The Fate of English in the EU After Brexit: Expected and Unexpected Twists

By Victor Ginsburgh, Professor of Economics, ECARES, Université Libre de Bruxelles, Juan Moreno-Ternero, Professor, Department of Economics, University Pablo de Olavide, Shlomo Weber, Robert H. and Nancy Dedman Trustee Professor of Economics, Southern Methodist University; Leading Scientist, Center for Study of Diversity and Social Interactions, New Economic School, Moscow. Originally published at VoxEU.

Preserving English as an official language of the EU will be problematic if Brexit takes place. English became an official language in the EU (then the EEC) when the UK joined the Union. Nowadays it is the most widely spoken language in the EU and also is the working language in its institutions (with the exception of the Court of Justice, which uses French). If the UK leaves the EU, English can no longer retain its status as one of the Union’s official or working languages. Every member is entitled to choose one official native language in the EU. Malta and Ireland are the only two countries in which English is official, but Malta chose Maltese and Ireland chose Irish[TIM1] as their official languages.

This was mentioned in 2016 at a news conference by Danuta Hübner, the chair of the European Parliament’s constitutional affairs committee, but immediately rejected as “incorrect” by the EU Commission representation in Ireland (O Caollai 2016).

In principle, there are two routes to sustain English as an official language of the EU:

  • Ireland or Malta switch their official native language in the EU to English.This may create a national problem. Although most Irish and Maltese citizens speak English, how would they react to this ‘unpatriotic’ change?
  • English is an official language in Ireland and Malta, so there may be no problem in keeping English in the EU. This argument is supported by the legal departments of the EU Commission, the EU Parliament and the EU Council. They argue that no meeting, deliberation or vote by the EU Council is needed.

The second argument contravenes the spirit and even the wording itself of Article 342 of the Lisbon Treaty (which consolidates Article 217 of the 1957 Treaty of Rome, used in the EEC Council Regulation No 1/1958 determining the languages to be used by the EEC).

Article 342 states that:

The rules governing the languages of the institutions of the Union shall, without prejudice to the provisions contained in the Statute of the Court of Justice of the European Union,1 be determined by the Council, acting unanimously by means of regulations.

This contains two important provisions: the Council has to draft a regulation, and the regulation must be adopted by all 27 EU countries after Brexit. Is there any chance that the representatives of the countries in the Council would vote unanimously to keep English not only as an official, but also as a working language? The probability is slim, even very slim. Because without 60 million native speakers of English, other languages become more ‘valuable’ or important.

To quantify this assertion, in a recent paper we evaluate the weight of each EU language (Ginsburgh et al. 2017) using three methods[TIM2] :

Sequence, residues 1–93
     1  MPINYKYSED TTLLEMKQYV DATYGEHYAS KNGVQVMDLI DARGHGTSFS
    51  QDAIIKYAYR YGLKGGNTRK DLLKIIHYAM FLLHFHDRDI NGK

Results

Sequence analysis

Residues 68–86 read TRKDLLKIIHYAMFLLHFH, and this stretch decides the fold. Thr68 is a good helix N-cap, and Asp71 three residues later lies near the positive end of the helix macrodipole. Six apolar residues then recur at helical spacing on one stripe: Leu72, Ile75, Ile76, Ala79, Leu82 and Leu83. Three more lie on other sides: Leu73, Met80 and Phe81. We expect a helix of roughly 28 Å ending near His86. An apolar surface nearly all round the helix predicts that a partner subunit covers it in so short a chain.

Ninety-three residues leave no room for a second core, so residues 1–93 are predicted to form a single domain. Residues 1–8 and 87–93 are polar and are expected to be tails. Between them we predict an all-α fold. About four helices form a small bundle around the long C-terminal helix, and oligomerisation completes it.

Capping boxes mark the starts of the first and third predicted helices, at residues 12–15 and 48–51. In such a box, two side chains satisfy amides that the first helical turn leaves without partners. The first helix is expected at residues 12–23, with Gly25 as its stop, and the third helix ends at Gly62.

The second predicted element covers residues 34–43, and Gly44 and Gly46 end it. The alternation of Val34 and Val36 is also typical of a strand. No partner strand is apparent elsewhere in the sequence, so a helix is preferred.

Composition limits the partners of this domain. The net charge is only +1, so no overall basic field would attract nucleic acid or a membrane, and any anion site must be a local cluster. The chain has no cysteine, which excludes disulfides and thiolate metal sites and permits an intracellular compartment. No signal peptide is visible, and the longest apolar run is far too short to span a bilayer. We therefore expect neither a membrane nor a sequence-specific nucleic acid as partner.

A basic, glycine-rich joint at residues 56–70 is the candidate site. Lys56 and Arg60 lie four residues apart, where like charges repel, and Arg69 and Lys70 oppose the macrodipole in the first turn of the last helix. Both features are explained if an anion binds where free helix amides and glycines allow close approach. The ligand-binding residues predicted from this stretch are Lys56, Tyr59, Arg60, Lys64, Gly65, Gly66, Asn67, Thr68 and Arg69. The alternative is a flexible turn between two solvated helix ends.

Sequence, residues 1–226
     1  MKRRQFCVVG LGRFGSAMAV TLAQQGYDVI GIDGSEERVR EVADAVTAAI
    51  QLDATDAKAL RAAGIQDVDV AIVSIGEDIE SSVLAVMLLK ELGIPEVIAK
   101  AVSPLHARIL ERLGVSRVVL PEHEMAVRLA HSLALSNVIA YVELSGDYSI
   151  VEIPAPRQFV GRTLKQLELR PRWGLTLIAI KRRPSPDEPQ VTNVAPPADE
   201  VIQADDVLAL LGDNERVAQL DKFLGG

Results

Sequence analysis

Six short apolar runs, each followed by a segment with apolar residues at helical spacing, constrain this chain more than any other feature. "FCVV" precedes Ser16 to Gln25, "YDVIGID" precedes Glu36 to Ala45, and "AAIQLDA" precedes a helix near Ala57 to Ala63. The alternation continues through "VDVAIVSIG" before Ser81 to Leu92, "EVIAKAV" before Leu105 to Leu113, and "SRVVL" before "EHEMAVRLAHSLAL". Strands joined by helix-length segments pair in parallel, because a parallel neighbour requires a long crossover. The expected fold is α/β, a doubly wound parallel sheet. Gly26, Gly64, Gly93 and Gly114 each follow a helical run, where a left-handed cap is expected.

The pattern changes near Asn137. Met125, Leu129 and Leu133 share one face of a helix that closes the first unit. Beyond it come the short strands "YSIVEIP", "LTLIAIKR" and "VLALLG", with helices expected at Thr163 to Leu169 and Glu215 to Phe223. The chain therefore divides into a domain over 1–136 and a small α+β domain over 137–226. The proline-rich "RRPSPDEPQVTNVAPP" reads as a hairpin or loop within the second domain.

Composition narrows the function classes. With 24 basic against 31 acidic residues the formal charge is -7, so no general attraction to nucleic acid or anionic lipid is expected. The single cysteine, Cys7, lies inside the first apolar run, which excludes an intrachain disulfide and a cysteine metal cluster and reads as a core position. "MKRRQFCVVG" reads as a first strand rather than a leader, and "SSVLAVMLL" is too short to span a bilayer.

• Method 1: For each language, all its speakers are counted, regardless of proficiency. All speakers, perfect or not, count as 1. Non-speakers count as 0.
  • Method 2: Only perfect speakers (essentially native speakers) are counted as 1, all others are represented by 0.
  • Method 3: All speakers are counted, but also their proficiency. A native speaker counts for 1, a speaker who claims to have a very good or good knowledge of the language counts for ½, all others count for 0.

Knowledge of languages is calculated using each method with data from a Special Barometersurvey carried out in late 2005 (European Union 2006), which surveyed 1,000 citizens in each EU country (including Bulgaria and Romania, which acceded on 1 January 2007).[2] The totals are weighted to take account of the various countries’ populations to compare the situation of speakers of all EU languages before and after Brexit. Table 1 restricts the presentation to the six most spoken languages, using each of the three assumptions. The numbers show the aggregated percentage of EU citizens who know the language that appears in the first column.

Table 1 Percentage of speakers in the EU before and after Brexit for the six most-spoken languages in EU

Source: Ginsburgh et al. (2017).

The results clearly show that English is the first language in the EU before Brexit if we count all English speakers, regardless of proficiency (method 1), or count native speakers as 1, and non-native, but good speakers as ½ (method 3). Using these calculations, English does better than either German or French, and much better than Italian, Spanish, and Polish.

This is not so if we consider only native speakers (method 2). The UK has a smaller population (60 million) than Germany and Austria combined (90 million) or France plus 40% of Belgium (70 million).

If Brexit goes ahead, English would lose ground in all cases. German and – if we used the third method of calculation – French would be dominant.

It would be surprising if Germany (and Austria) or France (and French-speaking Belgians) were to support a status quo sustaining the current prevalence of English. The EU Council, which has to vote unanimously, would have to find extremely good arguments to convince countries to vote for the introduction of English in place of Irish by Ireland (or Maltese by Malta) – or to vote for English, if English ceased to be an official language in the EU.

This may be an unfortunate situation for many countries. English is more widely spoken and certainly better understood in the rest of Europe than German or French. Without Brexit, it would probably have become the lingua franca of the EU in the future.